"Pretty soon it'll be time for the meal," I said to Dan, with a sort of upbeat feeling in my heart.
        "Pretty soon," said Dan, as he sat there, sulkily. He was loosing his soulful look and just being sulky now. "Hey Phil," he said suddenly, "I've got an idea."
        I was open to ideas. He told me his idea.
        The turkey was almost ready, and as we well knew, behind those great folding doors, the dining room lay. The mothers and grandmothers were almost done and were likely setting the large turkey down on a plate in the center of the table. The doors would be closed until the diner was finally presented to everyone after the prayer.
        "We're finished," said my grandmother, smiling. Everyone's eyes grew gargantuanly. The smell of turkey and stuffing and potatoes and gravy in the air was getting pretty thick. Looking around the room everyone was very hungry looking. Even the dog, Josephine. Josephine was drooling a bit. I looked around at everyone, my grandpa, my aunt, then I looked at my Uncle, he was drooling a bit.
        "First," said my father, "The Thanksgiving Prayer."
        This was the moment we had been waiting for. Father always did long thanksgiving prayers. He'd thank all his thanks, then he'd go on to thank for everyone being here, and be thankful for at least one or two thinks about each of them. All that thanks would add up over time.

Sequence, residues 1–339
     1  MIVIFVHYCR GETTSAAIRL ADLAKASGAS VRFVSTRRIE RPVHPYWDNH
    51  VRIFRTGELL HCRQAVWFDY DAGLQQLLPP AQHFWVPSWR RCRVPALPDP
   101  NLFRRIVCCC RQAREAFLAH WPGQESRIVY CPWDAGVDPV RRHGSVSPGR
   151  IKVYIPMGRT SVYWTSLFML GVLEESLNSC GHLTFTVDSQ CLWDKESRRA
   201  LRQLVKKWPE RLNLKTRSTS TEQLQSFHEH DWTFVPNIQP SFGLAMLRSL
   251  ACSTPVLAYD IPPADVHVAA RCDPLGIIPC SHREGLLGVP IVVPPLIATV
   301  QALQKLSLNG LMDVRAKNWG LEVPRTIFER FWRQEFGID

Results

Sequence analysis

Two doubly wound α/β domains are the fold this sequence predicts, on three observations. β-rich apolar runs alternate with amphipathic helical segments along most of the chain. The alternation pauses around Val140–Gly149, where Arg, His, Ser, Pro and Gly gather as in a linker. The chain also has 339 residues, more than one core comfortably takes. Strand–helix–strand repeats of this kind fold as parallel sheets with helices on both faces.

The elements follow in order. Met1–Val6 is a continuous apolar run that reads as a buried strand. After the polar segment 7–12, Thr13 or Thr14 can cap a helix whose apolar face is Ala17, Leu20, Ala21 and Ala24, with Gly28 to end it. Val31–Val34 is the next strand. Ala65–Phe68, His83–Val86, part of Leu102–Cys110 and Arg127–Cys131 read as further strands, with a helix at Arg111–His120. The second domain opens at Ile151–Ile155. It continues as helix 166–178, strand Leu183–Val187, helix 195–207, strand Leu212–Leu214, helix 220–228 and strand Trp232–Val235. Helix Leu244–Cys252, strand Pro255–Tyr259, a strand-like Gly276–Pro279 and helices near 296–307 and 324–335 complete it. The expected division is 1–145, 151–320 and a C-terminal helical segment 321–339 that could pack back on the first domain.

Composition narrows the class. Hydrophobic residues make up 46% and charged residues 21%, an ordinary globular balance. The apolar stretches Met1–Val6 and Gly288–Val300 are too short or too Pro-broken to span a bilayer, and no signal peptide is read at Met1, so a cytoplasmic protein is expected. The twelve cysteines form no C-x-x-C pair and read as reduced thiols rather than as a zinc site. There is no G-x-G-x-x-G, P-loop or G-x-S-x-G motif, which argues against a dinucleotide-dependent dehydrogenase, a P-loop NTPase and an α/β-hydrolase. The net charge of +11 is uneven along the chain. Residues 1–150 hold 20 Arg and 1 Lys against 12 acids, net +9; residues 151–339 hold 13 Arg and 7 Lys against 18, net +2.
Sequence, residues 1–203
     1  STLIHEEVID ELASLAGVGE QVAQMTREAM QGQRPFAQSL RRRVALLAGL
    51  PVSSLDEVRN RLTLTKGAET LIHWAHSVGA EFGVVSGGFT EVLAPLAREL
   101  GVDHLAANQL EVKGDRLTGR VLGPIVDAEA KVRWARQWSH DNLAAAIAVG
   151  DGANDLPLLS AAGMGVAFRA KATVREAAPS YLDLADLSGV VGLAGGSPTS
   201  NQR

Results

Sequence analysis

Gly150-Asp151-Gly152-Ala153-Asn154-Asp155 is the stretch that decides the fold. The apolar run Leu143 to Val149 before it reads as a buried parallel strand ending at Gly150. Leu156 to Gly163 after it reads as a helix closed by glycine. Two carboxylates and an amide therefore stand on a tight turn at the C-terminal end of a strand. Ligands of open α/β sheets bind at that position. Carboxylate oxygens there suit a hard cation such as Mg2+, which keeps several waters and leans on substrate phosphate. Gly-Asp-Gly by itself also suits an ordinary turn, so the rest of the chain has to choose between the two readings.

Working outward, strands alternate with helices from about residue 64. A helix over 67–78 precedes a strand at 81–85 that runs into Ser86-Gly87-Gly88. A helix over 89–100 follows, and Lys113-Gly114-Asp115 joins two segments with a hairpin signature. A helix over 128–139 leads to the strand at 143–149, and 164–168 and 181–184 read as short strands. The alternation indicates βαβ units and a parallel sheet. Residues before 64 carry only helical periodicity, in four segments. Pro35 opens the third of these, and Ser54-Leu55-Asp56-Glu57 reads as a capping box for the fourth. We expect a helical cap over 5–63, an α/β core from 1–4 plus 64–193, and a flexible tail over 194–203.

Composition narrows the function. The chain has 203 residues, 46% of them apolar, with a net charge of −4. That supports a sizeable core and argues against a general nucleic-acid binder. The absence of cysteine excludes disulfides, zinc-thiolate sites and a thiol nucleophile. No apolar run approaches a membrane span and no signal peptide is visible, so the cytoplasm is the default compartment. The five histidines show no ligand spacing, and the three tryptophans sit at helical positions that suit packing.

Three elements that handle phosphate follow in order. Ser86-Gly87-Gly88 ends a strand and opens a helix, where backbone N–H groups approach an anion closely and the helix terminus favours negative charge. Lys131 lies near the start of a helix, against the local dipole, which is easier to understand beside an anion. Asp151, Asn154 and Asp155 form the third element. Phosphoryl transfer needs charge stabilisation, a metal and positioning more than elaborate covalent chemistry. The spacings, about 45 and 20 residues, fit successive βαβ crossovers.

We slunk downstairs, amid the "pre-prayer-shuffling and squirming" session that always came before such prayers.
        We went out the basement door into the back yard and then we went up to the kitchen door and we stole into the kitchen. From the kitchen we moved silently into the dining room. We could here my father continue on and on throughout his thankful prayer. We looked at the turkey, and almost giggled out loud.
        The turkey must have weighted a hundred pounds, and it took all our effort for the two of us to hoist it into the air, and then side it under the table. Then we took our positions on either side of the sliding doors, so that when they were opened, people would pour in and not see us against the walls.
        "Amen," my dad said finally.
        Then came the stampede as everyone barged in through the shutter doors and around the table.
        Everyone sat down expectantly, but some people were asking where the turkey was.
        Then Dan's grandma found it.
        "Oh, how nice!" she said, in her wonderfully melodious old voice.
        "What's nice?" my mother asked.
        "The way you have the floor heated in here now, it feels wonderful," she said.
        Soon the turkey was discovered. Grandma had slipped her feet into the turkey rather comfortably. Her stockings were greasy, and they had to throw out some of the stuffing because it was weird now.
        But all in all it was a great turkey.
Galcon   Watermelons   Dynamite   The Hairy Chestival
All content of imitation pickles (c) 1999-2008 - Phil Hassey  "we care"